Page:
Documents uncovered by curators at Manchester’s Museum of Science and Industry reveal a textile firm in Newton Heath called P Frankenstein and Sons helped design the spacesuits worn by Neil Armstrong and his fellow astronauts when Apollo 11 touched down on July 20, 1969.
The 1968 cult film 2001: A Space Odyssey featured the iconic yellow space suits made by the firm at their factory in Newton Heath.
P Frankenstein and Sons Ltd, which later became the Frankenstein Group, was founded in 1854 at the Victoria Rubber Works in Newton Heath.
It specialised in rubberised fabrics and from the 1940s, produced flying and survival equipment for airmen.
Susie Elliott, from the museum, said: “Frankenstein and Sons is really important for the history of Manchester’s textiles industry, as it was at the forefront of producing some of the first garments made from innovative new fabrics. “Frankenstein was one of two Manchester companies that contributed to the design of the Apollo spacesuit that allowed Neil Armstrong to walk on the moon and produced the spacesuits for Kubrick.”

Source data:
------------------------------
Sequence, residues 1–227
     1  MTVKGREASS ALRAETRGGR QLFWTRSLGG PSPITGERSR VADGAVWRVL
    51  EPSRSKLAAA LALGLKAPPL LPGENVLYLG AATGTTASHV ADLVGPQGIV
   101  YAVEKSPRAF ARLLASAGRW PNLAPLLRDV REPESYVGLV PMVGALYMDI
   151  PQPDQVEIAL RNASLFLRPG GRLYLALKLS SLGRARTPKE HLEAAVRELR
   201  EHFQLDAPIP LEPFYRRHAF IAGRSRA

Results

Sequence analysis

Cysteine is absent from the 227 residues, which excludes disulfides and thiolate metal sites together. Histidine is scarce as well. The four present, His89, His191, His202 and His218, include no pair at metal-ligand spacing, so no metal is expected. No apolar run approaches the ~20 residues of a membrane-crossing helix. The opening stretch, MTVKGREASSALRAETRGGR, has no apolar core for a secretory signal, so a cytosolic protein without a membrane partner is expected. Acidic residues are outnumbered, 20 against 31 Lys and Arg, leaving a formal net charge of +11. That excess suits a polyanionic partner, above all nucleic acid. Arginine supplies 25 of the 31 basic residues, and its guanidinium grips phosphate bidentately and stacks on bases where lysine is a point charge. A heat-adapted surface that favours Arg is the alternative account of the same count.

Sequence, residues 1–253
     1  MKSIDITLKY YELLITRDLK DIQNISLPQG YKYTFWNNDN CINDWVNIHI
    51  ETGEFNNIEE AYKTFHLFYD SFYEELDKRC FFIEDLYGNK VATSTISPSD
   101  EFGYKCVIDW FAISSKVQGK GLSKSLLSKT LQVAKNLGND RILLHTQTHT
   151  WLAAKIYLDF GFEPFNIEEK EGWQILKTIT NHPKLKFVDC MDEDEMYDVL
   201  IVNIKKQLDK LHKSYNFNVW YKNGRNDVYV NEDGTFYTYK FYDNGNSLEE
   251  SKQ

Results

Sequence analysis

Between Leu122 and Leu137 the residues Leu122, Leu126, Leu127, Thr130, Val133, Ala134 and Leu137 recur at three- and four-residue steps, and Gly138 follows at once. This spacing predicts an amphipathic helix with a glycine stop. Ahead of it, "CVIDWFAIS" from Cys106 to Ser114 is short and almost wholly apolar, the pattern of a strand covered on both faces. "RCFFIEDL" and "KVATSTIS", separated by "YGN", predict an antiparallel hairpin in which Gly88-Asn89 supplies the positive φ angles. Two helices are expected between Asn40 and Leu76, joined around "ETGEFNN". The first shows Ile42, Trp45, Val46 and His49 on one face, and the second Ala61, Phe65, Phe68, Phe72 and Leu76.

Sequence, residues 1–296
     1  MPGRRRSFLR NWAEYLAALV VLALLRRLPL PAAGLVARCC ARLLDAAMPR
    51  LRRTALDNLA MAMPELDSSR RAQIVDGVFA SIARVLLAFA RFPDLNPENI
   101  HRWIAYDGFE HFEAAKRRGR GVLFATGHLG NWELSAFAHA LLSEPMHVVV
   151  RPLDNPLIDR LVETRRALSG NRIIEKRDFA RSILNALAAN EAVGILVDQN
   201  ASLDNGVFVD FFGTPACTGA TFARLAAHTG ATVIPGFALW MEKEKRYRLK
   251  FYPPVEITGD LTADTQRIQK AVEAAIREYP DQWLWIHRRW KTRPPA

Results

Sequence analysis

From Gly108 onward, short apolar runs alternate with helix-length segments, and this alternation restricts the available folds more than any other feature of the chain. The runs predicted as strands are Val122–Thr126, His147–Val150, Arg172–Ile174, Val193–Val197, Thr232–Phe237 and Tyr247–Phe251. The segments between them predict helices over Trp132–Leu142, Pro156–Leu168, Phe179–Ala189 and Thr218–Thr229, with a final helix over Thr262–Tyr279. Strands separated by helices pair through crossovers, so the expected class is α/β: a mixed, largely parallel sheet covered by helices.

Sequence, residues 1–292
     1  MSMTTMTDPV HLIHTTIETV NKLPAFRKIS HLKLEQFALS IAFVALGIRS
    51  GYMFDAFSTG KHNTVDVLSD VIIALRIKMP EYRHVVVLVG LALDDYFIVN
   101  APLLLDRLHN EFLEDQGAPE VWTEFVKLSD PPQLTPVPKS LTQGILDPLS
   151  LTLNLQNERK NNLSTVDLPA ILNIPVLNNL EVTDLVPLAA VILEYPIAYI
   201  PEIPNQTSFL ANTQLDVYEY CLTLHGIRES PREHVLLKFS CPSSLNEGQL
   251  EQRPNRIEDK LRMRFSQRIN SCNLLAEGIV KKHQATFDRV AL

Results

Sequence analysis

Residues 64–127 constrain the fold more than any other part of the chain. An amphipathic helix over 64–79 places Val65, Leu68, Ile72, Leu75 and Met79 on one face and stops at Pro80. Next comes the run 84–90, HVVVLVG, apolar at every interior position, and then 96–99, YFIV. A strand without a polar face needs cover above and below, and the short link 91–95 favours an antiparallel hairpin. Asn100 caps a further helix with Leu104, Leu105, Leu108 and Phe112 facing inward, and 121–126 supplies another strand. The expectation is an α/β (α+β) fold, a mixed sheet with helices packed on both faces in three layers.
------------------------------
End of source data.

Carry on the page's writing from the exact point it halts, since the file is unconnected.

The information was revealed in documents drawn up by Frederick Ordway, a scientific adviser for 2001: A Space Odyssey, who wrote about costume and set design for the film.
The company produced a prototype flying suit circulating liquid through pipes incorporated within clothing which was used by NASA in trials to develop the Apollo spacesuit. Alan Kirby, 69, an ex-RAF safety technician, worked in the development department at the factory in the 1950s and 1960s. He said: “I started at Frankenstein’s in 1959 and stayed until about 1962. We used to make all sorts of things – safety suits for pilots ditching in the sea, heat-resistant clothing for firefighters and pressurised suits for pilots flying at high altitudes, like in the V-bombers “They were designed to protect the pilots if the cabin pressure went and they were pressurised and very warm “They were practically spacesuits and that is why the Americans came to us. We were one of the most technologically advanced companies in that field at the time and we were working on a lot of experimental safety equipment and other things. “I heard about the Americans coming over to talk about the mocked-up spacesuits for the film, but I had left by then. I also know the company played a part in working on the space suits used in the 1969 moon landings.
“They were a big employer in the area in their day, but they eventually merged with another business in the 1970s.”
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